Gritty, crowded, packed with stalls of all kinds—Ueno is, at first glance, not the prettiest place in the world but its unique character gives it an admirable vibe. Traditionally Ueno was not a glamorous place, it belonged to the working class people, in contrast to the merchant and aristocrat areas of old Edo with more elaborate architecture.
The first time I visited Ueno Park was with my friend Indy and Ryo who had recommended the area to us. We had just gone to Akihabara, which while impressive in its expansiveness and dizzying use of bright neon lights, was not super attractive to me given that I do not care about manga as much as other people. To be quite honest I was not expecting much due to night having fallen and the cold of the approaching winter bearing down on us. Yet this area, I genuinely loved because there was so much diversity of food in the little corridors that used to be black markets in the years after WWII. Ameyayokocho (Ameya alley), one of Ueno’s many streets was famous for its sweets and candies (ameya) as well as for black market goods from the American military. As the three of us walked around there were all sorts of interesting things such as military uniforms, bags and sweets that could be found there. Countless restaurants, food stalls and vendors lined crowded streets where everything from dried fish, to candies, to Chinese chilies and fresh crabs could be found for sale. To someone like me that enjoys walking around open air markets to look at local seasonal produce, the streets of Ueno were a literal Heaven on Earth. Lastly we checked out the temples of Ueno Park which were illuminated by the warm gentle glow of the orange lamps. Alas on that first visit we simply had but a taste of all Ueno offers.
After not having seen my Japanese buddies for awhile, I contacted my friend Moeka to ask how she was doing. We ended up planning a trip to Ueno Park and I invited my UCEAP friends Inna and Indy to tag along. My unceasing love for Ueno is what propelled me to return and our visit there conveniently coincided with the changing leaves that colored the area with a beautiful fiery orange color. As we walked around, we saw many food stalls and an event centering on ninjas and fighting styles which was exhilarating to watch despite the large crowds. After walking around and listening to Inna and Indy argue as usual, we went to the Natural History Museum that was free for students on the day we went. It was fantastic to witness all the artifact from ancient Japan, as well as those from more recent periods such as the Edo era. After completing our tour of the museum, we went outside to walk in the gardens behind the exhibit building. The grounds themselves held replicas of old buildings, stone gardens and a beautiful koi pond that gave these grounds a very tranquil, peaceful feeling. Following a long day at the museum, our group went back to magical Ameyayokocho to get something to eat and chat for awhile as the rain outside passed before going back to Totsuka.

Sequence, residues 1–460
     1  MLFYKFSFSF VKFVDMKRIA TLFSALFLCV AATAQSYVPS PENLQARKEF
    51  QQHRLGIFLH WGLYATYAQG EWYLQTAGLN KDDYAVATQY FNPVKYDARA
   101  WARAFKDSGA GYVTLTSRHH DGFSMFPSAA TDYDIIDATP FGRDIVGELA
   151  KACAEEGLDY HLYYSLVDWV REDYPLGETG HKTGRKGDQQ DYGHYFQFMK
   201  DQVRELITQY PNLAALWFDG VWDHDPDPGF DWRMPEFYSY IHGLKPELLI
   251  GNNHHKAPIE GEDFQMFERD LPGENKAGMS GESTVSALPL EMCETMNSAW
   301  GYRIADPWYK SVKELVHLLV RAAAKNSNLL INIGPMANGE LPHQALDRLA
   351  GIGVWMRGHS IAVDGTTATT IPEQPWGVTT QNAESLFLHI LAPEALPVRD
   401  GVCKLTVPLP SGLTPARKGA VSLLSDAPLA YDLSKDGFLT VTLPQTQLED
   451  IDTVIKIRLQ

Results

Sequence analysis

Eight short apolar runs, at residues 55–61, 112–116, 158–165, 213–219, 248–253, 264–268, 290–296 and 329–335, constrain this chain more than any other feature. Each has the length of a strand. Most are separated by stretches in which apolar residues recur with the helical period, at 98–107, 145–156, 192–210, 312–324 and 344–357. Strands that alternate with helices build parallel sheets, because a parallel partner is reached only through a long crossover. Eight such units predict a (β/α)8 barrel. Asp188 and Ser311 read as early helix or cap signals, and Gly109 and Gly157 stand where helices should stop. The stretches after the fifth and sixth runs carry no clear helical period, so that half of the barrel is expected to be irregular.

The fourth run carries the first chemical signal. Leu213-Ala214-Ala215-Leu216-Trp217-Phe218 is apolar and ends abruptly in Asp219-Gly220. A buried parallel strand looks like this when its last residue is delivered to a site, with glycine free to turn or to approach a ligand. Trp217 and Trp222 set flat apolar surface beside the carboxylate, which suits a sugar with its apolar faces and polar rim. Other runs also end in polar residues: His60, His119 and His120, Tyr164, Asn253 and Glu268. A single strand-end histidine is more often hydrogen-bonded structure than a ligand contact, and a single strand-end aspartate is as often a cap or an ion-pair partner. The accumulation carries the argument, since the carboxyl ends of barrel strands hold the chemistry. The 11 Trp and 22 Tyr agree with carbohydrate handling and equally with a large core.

Visiting a third time, yes I visited one last time, taking Deborah, Inna, Ryo and Indy to explore. At Ueno station we saw a giant panda figure that was inside a massive glass case for some reason. We also accidentally wandered into the red light district, for which Ryo apologized quite profusely. The others wanted to buy some souvenirs and personally I’d say Ueno is a good place to look. It was cool to look at all the toys and figures that were in some of the stores. My personal favorite was a Darth Vader figured made to look as though it had samurai armor. Now you might be thinking, wow you must really like this place to write a post and visit three times. I don’t think you understand friend, Ueno is one of the greatest places in Tokyo with so much to offer from zoos to museums, temples, restaurants, beautiful opportunities for scenic walks, the list is endless. I was only able to scratch the surface of this magical place. Forget Disneyland, for me Ueno is the happiest place on Earth.